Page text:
That’s All, Folks!

Well, here we are. It’s been over two years since I started this word study about joy. I’ve learned a lot along the way about what joy is, what it’s not, what fuels it, what quenches it, and more. I’ve had my perspectives broadened to realize that it’s not just my joy that I should be considering. I’ve had some misconceptions cleared to discover that real joy can and does thrive even in the midst of incredible hardship. In some cases, I’ve had my expectations and understandings challenged. In others, I’ve had them confirmed. It’s been a good, enlightening, encouraging, equipping journey. And I’m glad I’ve taken it. Joy is, after all, the second integral component of the fruit of the Spirit; it must be an essential part of being a believer. As I come to the end of this study, though, I do want to dig into one more passage. It’s fitting that this passage comes at the end of the Bible and my study because, unlike most of what I’ve found in my study, it is forward looking. In Revelation 19:6, St John was standing in a vision in the middle of heaven as mind-blowing events unfolded all around him. And suddenly, we read, “I heard something like the voice of a vast multitude, like the sound of cascading waters, and like the rumbling of loud thunder, saying ‘Hallelujah, because our Lord God, the Almighty, has begun to reign!'” He continues in vss 7-8, “Let us be glad, rejoice, and give Him glory, because the marriage of the Lamb has come, and His wife has prepared herself! She was given fine linen to wear, bright and pure. For the fine linen represents the righteous acts of the saints.”

Did you get that? The apostle calls me to rejoice because the marriage of the Lamb has come, and His bride, the Church, is ready. He goes on to say that, by “ready,” he means that she has donned righteousness and is therefore the holy and blameless bride Paul knew Jesus was anticipating in Ephesians 5.

At first glance, that seems ridiculous. As I told someone the other day, in my position of ministry within the church, I am uniquely positioned to realize that no one this side of heaven – and most certainly not the Church as a whole – is finally perfected. Yet. (Before the Wesleyans out there go ballistic, that is consistent with John Wesley’s understanding of holiness!) But I think there are a few things here that make this statement that John overheard not only true, but also the second greatest proclamation of all time.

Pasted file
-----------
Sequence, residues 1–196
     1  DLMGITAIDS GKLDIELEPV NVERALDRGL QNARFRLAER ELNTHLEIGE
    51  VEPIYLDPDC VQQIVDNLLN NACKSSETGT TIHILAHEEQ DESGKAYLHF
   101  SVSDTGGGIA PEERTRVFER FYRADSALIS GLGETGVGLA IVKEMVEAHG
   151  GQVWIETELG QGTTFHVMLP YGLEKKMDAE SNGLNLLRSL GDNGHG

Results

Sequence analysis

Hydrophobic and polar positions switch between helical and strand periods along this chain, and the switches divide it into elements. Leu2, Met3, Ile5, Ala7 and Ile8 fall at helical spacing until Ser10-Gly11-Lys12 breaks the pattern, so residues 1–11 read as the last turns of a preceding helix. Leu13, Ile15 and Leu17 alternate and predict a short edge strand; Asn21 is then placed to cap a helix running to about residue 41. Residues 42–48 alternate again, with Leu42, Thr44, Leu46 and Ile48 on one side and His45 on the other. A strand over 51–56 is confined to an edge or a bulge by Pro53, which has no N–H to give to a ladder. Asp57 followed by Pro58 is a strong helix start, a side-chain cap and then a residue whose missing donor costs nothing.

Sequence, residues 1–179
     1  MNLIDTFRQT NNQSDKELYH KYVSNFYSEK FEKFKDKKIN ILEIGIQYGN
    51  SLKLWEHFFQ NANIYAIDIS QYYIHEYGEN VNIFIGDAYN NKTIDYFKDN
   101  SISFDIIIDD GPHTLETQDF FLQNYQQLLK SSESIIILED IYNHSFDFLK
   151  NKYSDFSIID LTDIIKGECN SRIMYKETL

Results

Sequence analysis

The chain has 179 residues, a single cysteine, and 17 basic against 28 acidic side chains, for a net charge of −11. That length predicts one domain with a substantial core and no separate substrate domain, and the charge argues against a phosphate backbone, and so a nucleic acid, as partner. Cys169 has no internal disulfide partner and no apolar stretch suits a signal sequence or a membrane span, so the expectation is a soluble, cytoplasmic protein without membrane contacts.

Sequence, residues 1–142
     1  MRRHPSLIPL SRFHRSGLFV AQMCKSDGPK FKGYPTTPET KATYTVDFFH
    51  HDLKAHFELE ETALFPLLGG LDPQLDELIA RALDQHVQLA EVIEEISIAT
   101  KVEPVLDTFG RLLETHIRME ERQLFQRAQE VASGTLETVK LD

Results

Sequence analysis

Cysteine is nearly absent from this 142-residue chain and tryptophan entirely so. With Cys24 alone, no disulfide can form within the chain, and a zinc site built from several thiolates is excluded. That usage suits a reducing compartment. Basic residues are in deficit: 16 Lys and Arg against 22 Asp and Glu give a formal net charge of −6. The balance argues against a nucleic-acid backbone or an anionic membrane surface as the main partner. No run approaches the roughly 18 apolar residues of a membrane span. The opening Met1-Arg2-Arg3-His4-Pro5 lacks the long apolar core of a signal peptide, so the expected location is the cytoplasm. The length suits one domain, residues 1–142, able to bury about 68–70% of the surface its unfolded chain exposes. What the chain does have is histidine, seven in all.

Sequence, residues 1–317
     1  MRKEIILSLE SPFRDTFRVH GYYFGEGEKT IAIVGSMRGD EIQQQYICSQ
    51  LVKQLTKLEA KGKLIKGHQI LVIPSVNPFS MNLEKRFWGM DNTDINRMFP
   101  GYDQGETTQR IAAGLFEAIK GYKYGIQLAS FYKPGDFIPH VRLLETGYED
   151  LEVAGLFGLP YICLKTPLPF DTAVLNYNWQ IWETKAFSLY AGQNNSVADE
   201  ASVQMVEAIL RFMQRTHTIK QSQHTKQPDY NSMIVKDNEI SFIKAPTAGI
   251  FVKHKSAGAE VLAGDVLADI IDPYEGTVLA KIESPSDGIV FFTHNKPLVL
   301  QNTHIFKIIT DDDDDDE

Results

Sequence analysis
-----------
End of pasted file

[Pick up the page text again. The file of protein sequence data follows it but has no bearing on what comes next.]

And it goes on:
First, I think John is using what one commentator called “prophetic perfect” tense. In essence, this is when a prophet, in faith, refers to things which are not yet done as though they are. So John and this voice are not saying that the Church is actually perfect today. It’s proclaiming, in faith, that it will be. John took this declaration of what was yet to come as so firm, so real, that he recorded it as though it had already happened. The Church will be purified. It’s only a matter of time.

Second, it’s important to take all of these three verses together to realize something: the church is putting on this righteousness or perfection as a garment. In other words, like a pair of coveralls we would wear to protect us from the cold or mess, the Church “was given fine linen to wear.” So this holiness is not just something that is down the road. It is something which we should be putting on even now. Sure, it’s ill-fitting. But that just means we’ve got work to do to fit into it before that Last Day.

And third, this is an entirely different perspective of the Church than that held by a good number of people, both inside and outside the Church. The truth is, the world doesn’t think too highly of the Church. That comes as no surprise to anyone. The Bible says that, to them, we are the stench of death. But what is perhaps surprising is that there is a large chorus of voices which sound similarly disparaging notes of the Church from within her walls! I suppose it is partially due to the perennial tension between the declining generation, the generation currently in its prime, and the generation which is desperately trying to make its way into the spotlight. To be honest, though, I think it has gone beyond that.

In many corners of the Church, particularly in North America, we have surrendered to the lie that the Church is inherently ineffective because it is fundamentally dysfunctional. In other words, we think the Church is broken beyond repair and must therefore be scrapped, re-engineered, and re-built from the ground up.

John’s declaration here in Revelation 19 stands in stark contrast to that notion. In one swoop of the pen, he declares that (a) reports of the Church’s demise have been exaggerated, (b) the Church remains the singular bride of Christ, and (c) as unhealthy (or even dead) as she may look right now, she is not beyond recovery and will, in fact, be one day restored and even perfected.

So I should not be disparaging of the Church or discouraged by her present condition. Rather, I must continue to work in and for her, looking forward to that day when she is finally made ready for her groom and rejoicing in that that day is certainly coming and that, until it comes, she is a work in progress.

So there we have it. One final thought on joy before I move into a new study. I’ve had a number of ideas on my mind to study next, but I think I’m being drawn toward Jesus’ method of discipleship. It means an in-depth study of the gospels for keys into how Jesus understood and implemented the concepts of rabbi/teacher and disciple. But that’s another blog post entirely!


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